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The Photographic History of The Civil War: in ten volumes, Thousands of Scenes Photographed 1861-65, with Text by many Special Authorities, Volume 10: The Armies and the Leaders. (ed. Francis Trevelyan Miller) 6 0 Browse Search
William Tecumseh Sherman, Memoirs of General William T. Sherman . 1 1 Browse Search
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William Tecumseh Sherman, Memoirs of General William T. Sherman ., volume 1, Chapter 3: Missouri, Louisiana, and California. 1850-1855. (search)
Missouri, Louisiana, and California. 1850-1855. Having returned from California in January, 1850, with dispatches for the War Department, and having delivered them in person first to General Scott in New York City, and afterward to the Secretary of War (Crawford) in Washington City, I applied for and received a leave of absence for six months. I first visited my mother, then living at Mansfield, Ohio, and returned to Washington, where, on the 1st day of May, 1850, I was married to Miss Ellen Boyle Ewing, daughter of the Hon. Thomas Ewing, Secretary of the Interior. The marriage ceremony was attended by a large and distinguished company, embracing Daniel Webster, Henry Clay, T. H. Benton, President Taylor, and all his cabinet. This occurred at the house of Mr. Ewing, the same now owned and occupied by Mr. F. P. Blair, senior, on Pennsylvania Avenue, opposite the War Department. We made a wedding-tour to Baltimore, New York, Niagara, and Ohio, and returned to Washington by the 1st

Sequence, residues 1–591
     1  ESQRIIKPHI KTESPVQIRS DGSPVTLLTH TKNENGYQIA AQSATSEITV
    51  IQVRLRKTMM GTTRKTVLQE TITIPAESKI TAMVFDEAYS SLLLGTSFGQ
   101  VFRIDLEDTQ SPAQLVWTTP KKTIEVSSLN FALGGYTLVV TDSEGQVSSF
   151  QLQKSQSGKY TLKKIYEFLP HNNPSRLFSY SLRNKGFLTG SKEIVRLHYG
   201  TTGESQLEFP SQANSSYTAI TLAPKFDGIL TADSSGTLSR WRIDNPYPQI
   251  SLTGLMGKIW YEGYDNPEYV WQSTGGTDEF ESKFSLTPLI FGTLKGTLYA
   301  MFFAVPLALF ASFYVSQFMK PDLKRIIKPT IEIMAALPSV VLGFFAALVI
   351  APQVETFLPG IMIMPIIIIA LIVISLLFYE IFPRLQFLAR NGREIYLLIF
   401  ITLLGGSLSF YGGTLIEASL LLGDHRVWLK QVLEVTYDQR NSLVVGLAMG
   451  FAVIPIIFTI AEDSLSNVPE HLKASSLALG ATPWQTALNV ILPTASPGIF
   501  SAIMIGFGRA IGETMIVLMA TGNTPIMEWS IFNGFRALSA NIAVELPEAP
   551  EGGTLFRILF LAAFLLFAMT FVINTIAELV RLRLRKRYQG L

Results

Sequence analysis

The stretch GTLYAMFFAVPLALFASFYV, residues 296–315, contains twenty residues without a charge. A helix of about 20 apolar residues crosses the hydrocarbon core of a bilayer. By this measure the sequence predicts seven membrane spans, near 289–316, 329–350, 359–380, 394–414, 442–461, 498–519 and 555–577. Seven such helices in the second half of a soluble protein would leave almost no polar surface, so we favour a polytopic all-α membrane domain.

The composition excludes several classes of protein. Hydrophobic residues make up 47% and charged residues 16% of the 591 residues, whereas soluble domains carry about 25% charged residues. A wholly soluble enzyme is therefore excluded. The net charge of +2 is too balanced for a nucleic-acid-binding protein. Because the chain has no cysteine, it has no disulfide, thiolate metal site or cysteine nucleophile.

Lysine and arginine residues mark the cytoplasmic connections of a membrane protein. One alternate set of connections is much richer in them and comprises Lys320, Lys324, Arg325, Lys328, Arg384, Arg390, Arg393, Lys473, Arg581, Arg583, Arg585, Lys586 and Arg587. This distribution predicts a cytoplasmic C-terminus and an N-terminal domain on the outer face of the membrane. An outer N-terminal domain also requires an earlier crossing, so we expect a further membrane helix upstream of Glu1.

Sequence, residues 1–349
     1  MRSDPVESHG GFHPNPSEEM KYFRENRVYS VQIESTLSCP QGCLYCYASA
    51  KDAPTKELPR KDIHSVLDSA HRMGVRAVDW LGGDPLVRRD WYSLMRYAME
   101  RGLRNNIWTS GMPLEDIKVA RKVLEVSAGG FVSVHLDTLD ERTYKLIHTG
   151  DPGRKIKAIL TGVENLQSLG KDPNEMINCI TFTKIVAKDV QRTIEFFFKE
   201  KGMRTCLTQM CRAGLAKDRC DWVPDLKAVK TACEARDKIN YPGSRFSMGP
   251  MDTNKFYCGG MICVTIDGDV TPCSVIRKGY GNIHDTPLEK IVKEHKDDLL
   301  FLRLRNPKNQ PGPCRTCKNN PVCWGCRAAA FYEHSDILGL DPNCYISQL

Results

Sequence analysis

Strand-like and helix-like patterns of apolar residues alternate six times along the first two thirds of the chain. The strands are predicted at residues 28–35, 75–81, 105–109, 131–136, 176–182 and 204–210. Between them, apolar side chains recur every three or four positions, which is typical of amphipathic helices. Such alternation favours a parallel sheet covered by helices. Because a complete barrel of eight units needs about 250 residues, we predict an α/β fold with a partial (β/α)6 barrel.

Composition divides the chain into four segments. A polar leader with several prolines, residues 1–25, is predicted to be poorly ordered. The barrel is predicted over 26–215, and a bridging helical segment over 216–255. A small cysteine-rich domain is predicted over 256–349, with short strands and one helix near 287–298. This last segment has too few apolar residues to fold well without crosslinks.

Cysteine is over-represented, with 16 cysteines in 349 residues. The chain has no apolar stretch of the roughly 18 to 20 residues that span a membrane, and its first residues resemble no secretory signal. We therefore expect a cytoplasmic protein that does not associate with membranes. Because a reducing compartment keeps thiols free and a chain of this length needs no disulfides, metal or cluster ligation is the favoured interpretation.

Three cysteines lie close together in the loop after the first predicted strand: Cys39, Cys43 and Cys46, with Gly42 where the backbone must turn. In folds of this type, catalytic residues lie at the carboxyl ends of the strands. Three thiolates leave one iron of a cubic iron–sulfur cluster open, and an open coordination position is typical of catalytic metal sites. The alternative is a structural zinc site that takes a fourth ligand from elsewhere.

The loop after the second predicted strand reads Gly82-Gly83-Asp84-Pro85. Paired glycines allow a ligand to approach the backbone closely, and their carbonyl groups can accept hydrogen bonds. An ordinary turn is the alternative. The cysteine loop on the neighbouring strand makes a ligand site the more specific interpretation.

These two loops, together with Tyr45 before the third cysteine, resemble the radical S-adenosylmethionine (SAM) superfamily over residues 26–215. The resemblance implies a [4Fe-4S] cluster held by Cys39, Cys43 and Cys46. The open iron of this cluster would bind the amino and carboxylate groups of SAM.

for four years in assisting to untangle the problems of the American occupation. In 1850, he returned to Ohio and was married to Senator Ewing's daughter, Ellen Boyle Ewing, a woman of strong character and fine intellect, who for thirty-six years was to him a genuine helpmeet. About the same time, he was made captain in the Com Then he went to Kansas, decided to practise law and was admitted to the bar, on general intelligence, he said, and with his brother-in-law formed the law firm of Ewing, Sherman and McCook. Sherman in 1876 a soldier to the end The tall figure of Old Tecumseh in 1876, though crowned with gray, still stood erect and commanding. dgment by removing the house at night. Afterward, he undertook army contracts for constructing military roads and opened a large tract of Kansas wild land for Senator Ewing. Disgusted with business life, Sherman decided to reenter the army, and applied for a paymastership. But his friends of the War Department recommended him in